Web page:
Professor Dr Jan van der Meer recently passed away following a sudden illness.
A prospective cohort study on the absolute risks of venous thromboembolism and predictive value of screening asymptomatic relatives of patients with hereditary deficiencies of protein S, protein C or antithrombin
Article first published online: 4 MAR 2010
© 2010 International Society on Thrombosis and Haemostasis
Journal of Thrombosis and Haemostasis
Volume 8, Issue 6, pages 1193–1200, June 2010
How to Cite
MAHMOODI, B. K., BROUWER, J.-L. P., TEN KATE, M. K., LIJFERING, W. M., VEEGER, N. J. G. M., MULDER, A. B., KLUIN-NELEMANS, H. C. and VAN DER MEER, J. (2010), A prospective cohort study on the absolute risks of venous thromboembolism and predictive value of screening asymptomatic relatives of patients with hereditary deficiencies of protein S, protein C or antithrombin. Journal of Thrombosis and Haemostasis, 8: 1193–1200. doi: 10.1111/j.1538-7836.2010.03840.x
Presented as an oral communication at the session of ‘Genetic Thrombophilia: Clinical Applications’ on 13 July 2009 at the ISTH congress in Boston, MA, USA.
- Issue published online: 7 JUN 2010
- Article first published online: 4 MAR 2010
- Received 8 December 2009, accepted 19 February 2010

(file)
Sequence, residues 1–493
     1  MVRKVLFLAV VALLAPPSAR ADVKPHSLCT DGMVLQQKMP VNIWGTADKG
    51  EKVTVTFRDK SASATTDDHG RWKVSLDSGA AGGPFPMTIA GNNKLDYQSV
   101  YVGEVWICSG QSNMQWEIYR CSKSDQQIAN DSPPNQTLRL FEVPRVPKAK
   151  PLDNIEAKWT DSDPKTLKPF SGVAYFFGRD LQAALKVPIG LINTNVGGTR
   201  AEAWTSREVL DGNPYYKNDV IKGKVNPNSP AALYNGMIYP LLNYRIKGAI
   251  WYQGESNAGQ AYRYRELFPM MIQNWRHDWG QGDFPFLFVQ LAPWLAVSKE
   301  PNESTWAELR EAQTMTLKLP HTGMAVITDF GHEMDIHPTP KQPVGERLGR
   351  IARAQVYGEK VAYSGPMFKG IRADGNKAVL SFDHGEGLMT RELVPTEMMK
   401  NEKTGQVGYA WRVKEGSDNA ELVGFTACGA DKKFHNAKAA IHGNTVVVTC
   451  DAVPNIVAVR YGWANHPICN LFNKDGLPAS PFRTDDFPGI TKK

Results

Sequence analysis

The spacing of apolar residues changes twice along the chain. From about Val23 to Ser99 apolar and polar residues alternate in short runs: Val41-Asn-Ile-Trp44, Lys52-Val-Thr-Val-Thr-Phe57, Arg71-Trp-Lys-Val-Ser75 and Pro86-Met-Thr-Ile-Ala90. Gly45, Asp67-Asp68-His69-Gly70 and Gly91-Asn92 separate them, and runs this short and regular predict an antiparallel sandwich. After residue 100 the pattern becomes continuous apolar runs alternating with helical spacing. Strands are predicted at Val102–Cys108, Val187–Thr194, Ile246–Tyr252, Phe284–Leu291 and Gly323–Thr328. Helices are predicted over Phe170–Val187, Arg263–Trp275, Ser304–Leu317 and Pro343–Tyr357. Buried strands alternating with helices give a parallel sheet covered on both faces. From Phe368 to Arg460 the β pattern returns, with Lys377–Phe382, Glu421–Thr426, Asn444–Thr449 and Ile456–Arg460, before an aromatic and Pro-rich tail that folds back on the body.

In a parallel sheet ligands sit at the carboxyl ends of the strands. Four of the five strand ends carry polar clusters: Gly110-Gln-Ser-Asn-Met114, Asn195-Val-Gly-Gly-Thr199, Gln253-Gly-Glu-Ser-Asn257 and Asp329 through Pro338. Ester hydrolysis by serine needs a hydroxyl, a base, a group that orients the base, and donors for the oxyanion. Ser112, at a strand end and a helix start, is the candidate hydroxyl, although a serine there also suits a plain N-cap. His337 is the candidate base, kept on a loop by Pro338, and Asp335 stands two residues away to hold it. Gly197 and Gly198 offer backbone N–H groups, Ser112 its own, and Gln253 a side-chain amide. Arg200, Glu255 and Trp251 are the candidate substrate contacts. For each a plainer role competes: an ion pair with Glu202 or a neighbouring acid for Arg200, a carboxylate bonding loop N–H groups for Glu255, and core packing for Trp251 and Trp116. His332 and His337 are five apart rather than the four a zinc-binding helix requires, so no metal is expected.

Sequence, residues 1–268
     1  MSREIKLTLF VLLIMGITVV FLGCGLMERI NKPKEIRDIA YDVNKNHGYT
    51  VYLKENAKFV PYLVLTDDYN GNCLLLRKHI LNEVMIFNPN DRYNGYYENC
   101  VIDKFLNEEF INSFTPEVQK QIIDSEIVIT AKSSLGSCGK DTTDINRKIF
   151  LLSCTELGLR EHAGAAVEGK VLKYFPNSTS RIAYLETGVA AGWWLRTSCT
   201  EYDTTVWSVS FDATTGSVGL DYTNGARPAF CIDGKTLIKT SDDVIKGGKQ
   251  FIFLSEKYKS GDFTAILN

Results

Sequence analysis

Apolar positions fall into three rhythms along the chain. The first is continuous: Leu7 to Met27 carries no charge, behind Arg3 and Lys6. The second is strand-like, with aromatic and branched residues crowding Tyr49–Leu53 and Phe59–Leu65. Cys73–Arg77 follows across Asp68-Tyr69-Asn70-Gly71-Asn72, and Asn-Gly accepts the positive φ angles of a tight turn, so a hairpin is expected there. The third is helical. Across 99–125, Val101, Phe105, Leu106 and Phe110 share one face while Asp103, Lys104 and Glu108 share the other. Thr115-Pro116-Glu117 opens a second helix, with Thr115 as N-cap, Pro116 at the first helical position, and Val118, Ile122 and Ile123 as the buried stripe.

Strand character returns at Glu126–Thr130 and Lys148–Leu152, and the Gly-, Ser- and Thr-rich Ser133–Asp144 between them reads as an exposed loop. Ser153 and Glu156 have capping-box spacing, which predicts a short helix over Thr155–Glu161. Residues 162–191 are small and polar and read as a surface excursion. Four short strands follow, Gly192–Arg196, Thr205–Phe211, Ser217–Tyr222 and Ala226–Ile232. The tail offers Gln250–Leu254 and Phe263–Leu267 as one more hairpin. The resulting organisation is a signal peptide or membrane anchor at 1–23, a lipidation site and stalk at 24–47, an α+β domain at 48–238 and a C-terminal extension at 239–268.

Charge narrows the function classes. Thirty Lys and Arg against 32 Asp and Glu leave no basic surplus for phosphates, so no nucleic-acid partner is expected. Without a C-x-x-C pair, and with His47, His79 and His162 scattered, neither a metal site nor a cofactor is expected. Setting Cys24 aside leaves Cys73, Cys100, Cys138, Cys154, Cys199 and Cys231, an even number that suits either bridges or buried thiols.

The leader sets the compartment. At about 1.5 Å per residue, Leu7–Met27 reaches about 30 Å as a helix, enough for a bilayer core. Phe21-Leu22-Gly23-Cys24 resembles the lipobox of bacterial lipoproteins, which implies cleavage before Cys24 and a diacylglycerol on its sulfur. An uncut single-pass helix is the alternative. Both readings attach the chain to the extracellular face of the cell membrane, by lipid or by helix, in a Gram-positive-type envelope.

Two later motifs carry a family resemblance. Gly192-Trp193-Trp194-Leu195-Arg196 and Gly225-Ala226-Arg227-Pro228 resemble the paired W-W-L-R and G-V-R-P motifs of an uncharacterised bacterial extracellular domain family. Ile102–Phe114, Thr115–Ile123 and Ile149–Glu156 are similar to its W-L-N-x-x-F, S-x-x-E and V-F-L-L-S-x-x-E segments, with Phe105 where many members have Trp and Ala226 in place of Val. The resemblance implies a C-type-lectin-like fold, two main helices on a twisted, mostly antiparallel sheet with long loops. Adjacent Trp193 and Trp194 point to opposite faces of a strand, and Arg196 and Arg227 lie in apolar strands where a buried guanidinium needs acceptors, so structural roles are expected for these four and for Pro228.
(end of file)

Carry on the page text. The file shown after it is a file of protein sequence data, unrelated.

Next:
- thrombosis risk factors;
- venous thrombosis
See also Keeling D. Thrombophilia screening or screaming. This issue, pp 1191–2.
Summary. Background: Absolute risks of venous thromboembolism (VTE) in protein S-, protein C-, or antithrombin-deficient subjects are mainly based on retrospective data. Screening asymptomatic relatives of these patients is disputed, though studies addressing this issue have yet to be conducted. Methods: We prospectively followed 382 relatives of 84 probands. Participants were assessed for other thrombophilic defects and occurrence of exogenous risk factors (i.e. surgery/trauma/immobilization, malignancies, use of systemic estrogens, and pregnancy/puerperium). After screening, deficient subjects were advised to use thromboprophylaxis during exogenous risk factors; use of oral contraceptives was discouraged. Results: Overall annual incidence of VTE was 1.53% (95% CI, 1.00–2.34) in deficient vs. 0.29% (0.13–0.64) in non-deficient relatives; adjusted hazard ratio, 7.0 (95% CI, 2.7–18.0). Annual incidence of unprovoked VTE was 0.95% in deficient vs. 0.05% in non-deficient subjects; age-adjusted hazard ratio, 22.3 (P = 0.003). In contrast, annual incidence of provoked VTE was 0.58% vs. 0.24%; age-adjusted hazard ratio, 2.8 (P = 0.08). Fifty-five (37%) deficient and 80 (34%) non-deficient subjects experienced 91 and 143 exogenous risk factors, respectively, during which six vs. five VTEs (6.6% vs 3.5% per risk-period) occurred, despite the higher compliance with recommended thromboprophylaxis use in deficient (51%) vs. non-deficient (22%) subjects. In deficient subjects all provoked VTEs occurred when thromboprophylaxis was not used. Conclusions: Protein S, protein C or antithrombin deficiencies confer high absolute risk of VTE. Screening and subsequent augmentation of thromboprophylaxis use may result in reduction of provoked VTE, whereas risk of unprovoked VTE could not be affected by screening.